Whenever we think of the sheros of India who contributed to the freedom movement in India, we remember Rani Lakshmibai, the queen of Jhansi. The stories of her valor and undying spirit have always inspired the women across the country. But, the list of women freedom fighters doesn’t end with her. Like Rani Lakshmibai, there were a lot of women who bravely came forward to fight for our country’s freedom and they were ready to make any sacrifice for the sake of our motherland. Sadly, we hardly know about them. On the occasion of Republic day, let’s remember the unsung sheroes whose names have faded in the time.
1. Begum Hazrat Mahal
Also known as the Begum of Awadh, Begum Hazrat Mahal actively took part in the mutiny of 1857. During the rebellion she seized the control of Ayodh, she also declared her son as the ruler of Awadh. Begum was exiled to Calcutta by the company. But, the exile couldn’t cease her spirit. In Calcutta, she noticed the company is demolishing temples and mosques in order to build roads. She made a group of followers and tried to draw the attention of people towards this incident.
2. Matangini Hazra
Born in a very poor peasant family, Matangini Hazra became a widow at the early age of 18. In 1905, she joins the Indian independence movement. Her name will be remembered for the role she took in the Quit India Movement. At the age of 71, she marched with six thousand supporters with the purpose of taking over the Tamluk police station. She was shot to death by the police. The septuagenarian woman kept chanting Vande Mataram till her last breath holding the tricolor high.
3. Lakshmi Sahgal
Born as Lakshmi Swaminathan in Malabar, Lakshmi Sahgal moved to Singapore after a failed marriage and this is where her association with the officers of Netaji Subhas Chandra Bose’s Indian National Army brings her to active politics. Knowing Netaji’s aspiration to raise a women’s regiment to fight for Indian independence, she met him with a request for setting up an all woman regiment named as Rani of Jhansi regiment. Lakshmi Swaminathanemerged as Captain Laxmi from the very day and marked her name in the history of India forever. We salute her and all the brave soldiers of Rani of Jhansi regiment for their contributions in India independence.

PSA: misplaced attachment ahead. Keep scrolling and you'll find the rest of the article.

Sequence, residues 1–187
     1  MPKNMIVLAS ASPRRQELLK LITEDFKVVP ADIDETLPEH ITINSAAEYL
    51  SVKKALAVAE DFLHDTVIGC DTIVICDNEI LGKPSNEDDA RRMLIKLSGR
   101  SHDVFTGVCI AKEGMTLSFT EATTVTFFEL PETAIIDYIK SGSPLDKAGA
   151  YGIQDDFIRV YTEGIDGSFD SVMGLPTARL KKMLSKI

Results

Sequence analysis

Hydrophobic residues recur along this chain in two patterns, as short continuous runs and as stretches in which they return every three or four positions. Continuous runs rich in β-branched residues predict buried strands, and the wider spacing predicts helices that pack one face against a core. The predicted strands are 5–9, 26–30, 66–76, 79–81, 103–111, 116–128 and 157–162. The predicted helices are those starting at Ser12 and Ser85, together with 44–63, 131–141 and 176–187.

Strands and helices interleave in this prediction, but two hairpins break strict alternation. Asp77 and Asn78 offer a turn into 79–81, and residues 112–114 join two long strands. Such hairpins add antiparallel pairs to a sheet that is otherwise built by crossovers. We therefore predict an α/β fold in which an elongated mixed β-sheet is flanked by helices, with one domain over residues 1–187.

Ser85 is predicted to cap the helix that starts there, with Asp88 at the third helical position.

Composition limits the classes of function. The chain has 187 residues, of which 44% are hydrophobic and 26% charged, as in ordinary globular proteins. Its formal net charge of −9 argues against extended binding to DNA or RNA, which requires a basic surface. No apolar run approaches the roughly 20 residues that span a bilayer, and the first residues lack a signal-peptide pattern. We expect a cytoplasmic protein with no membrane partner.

4. Madam Bhikaji Cama
Madam Bhikaji Cama was born in September 1861 in an affluent Parsi family. She worked as a relief worker in the epidemic of Bubonic plague in Mumbai in 1896. She was sent to Britain as she got infected while tending the ailing people. Though she was told to stay away from the Indian Freedom Movement, she joined it after coming back from Britain. She helped Shyamji Krishna Verma to establish the Indian Home Rule Society. Madam Bhikaji was an active social worker, philanthropist and freedom fighter. She will always be remembered for her brave act of unwinding Indian flag in the International Socialist Conference that took place in Germany, 1907.
5. Pritilata Waddedar
Born in Chittagong District in the Bengal Province in a Vaidya-Brahmin family, Pritjlata Waddedar graduated in Philosophy from Bethune College. Pritilata joined the eminent revolutionary Surya Sen, also known as Mastarda among his students in June of 1932. Along with a group of young revolutionaries, she participated in several missions assigned by Masterda Surya Sen. She was also in charge of supplying explosives to the revolutionaries in the battle of Jalalabad. The feisty fighter died while leading an attack on the Pahartali European Club.
6. Kalpana Datta
Kalpana Datta was also born in the village of the Chittagong District in Bengal, Kalpana Datta passed the matriculation examination in 1929 and later studied at the Bethune College. She joined the ‘Indian Republican Army, Chattagram Branch’, led by Surya Sen. She was arrested in 1933 for her liaison with nationalist organizations and was sentenced to transportation for life In the second supplementary trial of the Chittagong armory raid case. She was released in 1939.
7. Annie Besant
Annie Besant was born in London in 1847. In 1890, she joined the Theosophical Society and later as a president of it, she visited India and helped to establish the Central Hindu College and Sind National Collegiate Board in Mumbai. In 1914, she built All India Home Rule League with the help of Lokmaya Tilak. The enigmatic lady joined the Indian National Congress and also became president of the Congress for one year. Her works and ethics inspired many men and women to join the freedom movement of India.